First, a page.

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  • Voyager Celebrates 20-Year-Old Valentine to Solar System
    in the Milky Way galaxy in a universe replete with galaxies Stone said In the years since the twin Voyager spacecraft were launched in 1977 they had already sent back breathtaking groundbreaking pictures of the gas giants Jupiter Saturn Uranus and Neptune It took Voyager 1 more than 12 years to reach the place where it took the group portrait 6 billion kilometers almost 4 billion miles away from the Sun The imaging team started snapping images of the outer planets first because they were worried that pointing the camera near the Sun would blind it and prevent more picture taking Candice Hansen a planetary scientist based at NASA s Jet Propulsion Laboratory JPL who worked with the Voyager imaging team at the time remembers combing through the images and finally finding the image of Earth She had seen so many pictures over the years that she could distinguish dust on the lens from the black dots imprinted on the lens for geometric correction There was our planet a bright speck sitting in a kind of spotlight of sunlight scattered by the camera Hansen still gets chills thinking about it I was struck by how special Earth was as I saw it shining in a ray of sunlight she said It also made me think about how vulnerable our tiny planet is This was the image that inspired Carl Sagan the the Voyager imaging team member who had suggested taking this portrait to call our home planet a pale blue dot As he wrote in a book by that name That s here That s home That s us On it everyone you love everyone you know everyone you ever heard of every human being who ever was lived out their lives There is perhaps no better demonstration of the

    Original URL path: http://www.lpi.usra.edu/features/voyager/20yrValentine/ (2016-02-15)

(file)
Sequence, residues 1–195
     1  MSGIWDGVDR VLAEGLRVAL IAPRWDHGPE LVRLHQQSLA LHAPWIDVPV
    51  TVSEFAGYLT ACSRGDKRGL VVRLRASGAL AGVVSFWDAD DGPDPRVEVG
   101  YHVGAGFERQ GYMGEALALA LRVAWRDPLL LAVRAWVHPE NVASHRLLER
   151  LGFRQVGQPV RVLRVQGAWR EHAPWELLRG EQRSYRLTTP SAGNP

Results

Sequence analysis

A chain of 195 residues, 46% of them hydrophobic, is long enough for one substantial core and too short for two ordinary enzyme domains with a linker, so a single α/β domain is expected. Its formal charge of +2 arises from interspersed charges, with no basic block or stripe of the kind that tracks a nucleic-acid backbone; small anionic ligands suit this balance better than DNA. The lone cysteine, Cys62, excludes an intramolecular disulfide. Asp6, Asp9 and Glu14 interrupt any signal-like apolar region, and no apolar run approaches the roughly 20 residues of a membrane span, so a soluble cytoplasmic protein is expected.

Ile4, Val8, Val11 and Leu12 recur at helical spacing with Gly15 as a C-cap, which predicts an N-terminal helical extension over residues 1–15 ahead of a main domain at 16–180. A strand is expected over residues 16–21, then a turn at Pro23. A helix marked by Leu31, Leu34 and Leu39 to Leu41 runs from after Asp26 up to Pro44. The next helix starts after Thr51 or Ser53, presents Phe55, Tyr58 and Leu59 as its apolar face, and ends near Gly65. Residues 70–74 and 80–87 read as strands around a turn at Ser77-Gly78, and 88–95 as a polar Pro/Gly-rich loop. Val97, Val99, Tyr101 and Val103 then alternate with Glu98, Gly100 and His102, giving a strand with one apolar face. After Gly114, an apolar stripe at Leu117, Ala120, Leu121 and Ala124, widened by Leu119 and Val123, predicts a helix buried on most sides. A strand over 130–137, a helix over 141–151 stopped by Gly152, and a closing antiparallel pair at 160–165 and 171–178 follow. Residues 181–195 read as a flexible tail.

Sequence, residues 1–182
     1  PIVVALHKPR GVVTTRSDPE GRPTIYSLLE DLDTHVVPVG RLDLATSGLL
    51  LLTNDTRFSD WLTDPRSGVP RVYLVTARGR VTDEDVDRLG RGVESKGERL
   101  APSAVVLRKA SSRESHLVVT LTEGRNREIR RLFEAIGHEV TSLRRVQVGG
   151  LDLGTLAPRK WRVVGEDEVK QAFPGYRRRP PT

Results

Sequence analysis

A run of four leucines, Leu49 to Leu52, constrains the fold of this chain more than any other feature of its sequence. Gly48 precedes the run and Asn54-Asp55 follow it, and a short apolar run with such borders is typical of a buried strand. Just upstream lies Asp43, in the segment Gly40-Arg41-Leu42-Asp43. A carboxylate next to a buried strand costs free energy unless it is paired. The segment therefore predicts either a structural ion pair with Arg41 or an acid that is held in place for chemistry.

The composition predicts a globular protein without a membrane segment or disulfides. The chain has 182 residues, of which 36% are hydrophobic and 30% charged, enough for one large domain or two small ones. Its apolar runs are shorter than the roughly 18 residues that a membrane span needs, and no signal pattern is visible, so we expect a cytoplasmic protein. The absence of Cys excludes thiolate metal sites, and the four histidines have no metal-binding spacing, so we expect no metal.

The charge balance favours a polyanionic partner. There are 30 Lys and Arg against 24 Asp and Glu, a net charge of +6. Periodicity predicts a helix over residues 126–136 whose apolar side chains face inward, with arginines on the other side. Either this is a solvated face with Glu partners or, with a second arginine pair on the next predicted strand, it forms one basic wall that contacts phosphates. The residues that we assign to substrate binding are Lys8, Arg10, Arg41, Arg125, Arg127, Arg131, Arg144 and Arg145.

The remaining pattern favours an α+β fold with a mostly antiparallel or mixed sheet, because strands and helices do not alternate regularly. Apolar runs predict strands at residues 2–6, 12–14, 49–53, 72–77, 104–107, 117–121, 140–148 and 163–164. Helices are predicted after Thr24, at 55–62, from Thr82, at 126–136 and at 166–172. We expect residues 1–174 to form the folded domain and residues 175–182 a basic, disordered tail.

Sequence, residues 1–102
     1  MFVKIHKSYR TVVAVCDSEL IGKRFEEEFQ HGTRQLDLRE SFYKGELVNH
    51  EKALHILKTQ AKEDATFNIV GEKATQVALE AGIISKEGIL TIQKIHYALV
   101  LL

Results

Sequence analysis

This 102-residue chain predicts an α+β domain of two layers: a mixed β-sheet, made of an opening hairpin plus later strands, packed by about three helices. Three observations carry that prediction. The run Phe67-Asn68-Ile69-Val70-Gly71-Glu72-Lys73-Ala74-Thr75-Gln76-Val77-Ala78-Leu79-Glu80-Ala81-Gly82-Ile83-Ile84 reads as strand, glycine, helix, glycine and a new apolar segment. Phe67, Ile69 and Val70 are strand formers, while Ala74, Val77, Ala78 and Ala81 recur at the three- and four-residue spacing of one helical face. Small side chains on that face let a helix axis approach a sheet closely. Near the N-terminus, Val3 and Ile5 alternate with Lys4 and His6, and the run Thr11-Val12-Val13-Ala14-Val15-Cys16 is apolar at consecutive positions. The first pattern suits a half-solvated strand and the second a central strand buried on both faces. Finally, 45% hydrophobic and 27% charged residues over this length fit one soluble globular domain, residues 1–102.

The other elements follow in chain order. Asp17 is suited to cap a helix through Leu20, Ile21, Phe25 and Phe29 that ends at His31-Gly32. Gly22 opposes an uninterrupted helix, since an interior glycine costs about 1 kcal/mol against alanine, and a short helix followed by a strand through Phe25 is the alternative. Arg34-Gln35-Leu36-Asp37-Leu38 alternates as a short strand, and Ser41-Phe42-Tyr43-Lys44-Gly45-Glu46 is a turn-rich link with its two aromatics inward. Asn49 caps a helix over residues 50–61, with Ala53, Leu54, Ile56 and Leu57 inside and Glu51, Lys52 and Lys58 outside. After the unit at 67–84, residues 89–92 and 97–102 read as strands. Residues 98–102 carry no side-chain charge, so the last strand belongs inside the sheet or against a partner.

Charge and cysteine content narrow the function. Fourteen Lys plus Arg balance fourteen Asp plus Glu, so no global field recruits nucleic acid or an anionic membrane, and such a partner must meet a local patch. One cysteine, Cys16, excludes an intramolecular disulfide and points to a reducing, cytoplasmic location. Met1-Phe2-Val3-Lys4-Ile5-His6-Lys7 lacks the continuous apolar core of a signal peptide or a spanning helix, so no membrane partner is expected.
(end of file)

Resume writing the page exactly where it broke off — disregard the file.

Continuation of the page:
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  • LPI Announces Publication of Space Science Series Volume
    and formatting and the Press provides traditional publishing services including printing marketing and distribution This unique collaboration enables the Press to offer the books in this series at a price that is affordable to a much wider segment of the community including graduate students Few worlds are as tantalizing and enigmatic as Europa whose complex icy surface intimates the presence of an ocean below Europa beckons for our understanding and future exploration enticing us with the possibilities of a water rich environment and the potential for life beyond Earth This new volume edited by Robert T Pappalardo William B McKinnon and Krishan K Khurana with 85 contributing authors reveals the discovery and current understanding of Europa s icy shell subsurface ocean presumably active interior and myriad inherent interactions within the Jupiter environment Europa is the foundation upon which the coming decades of scientific advancement and exploration of this world will be built making it indispensable for researchers students and all who hold a passion for exploration Other Space Science Series books produced by the Press in collaboration with the LPI include Origin of the Earth and Moon Asteroids III Comets II Meteorites and the Early Solar System II Protostars and

    Original URL path: http://www.lpi.usra.edu/features/europa/book/ (2016-02-15)
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  • NASA Successfully Launches a New Eye on the Sun
    380 full length movies This is going to be sensational said Richard R Fisher director of the Heliophysics Division at NASA Headquarters SDO is going to make a huge step forward in our understanding of the Sun and its effects on life and society The Sun s dynamic processes affect everyone and everything on Earth SDO will explore activity on the Sun that can disable satellites cause power grid failures

    Original URL path: http://www.lpi.usra.edu/features/SDO/ (2016-02-15)
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  • Public Lecture on Thursday, February 11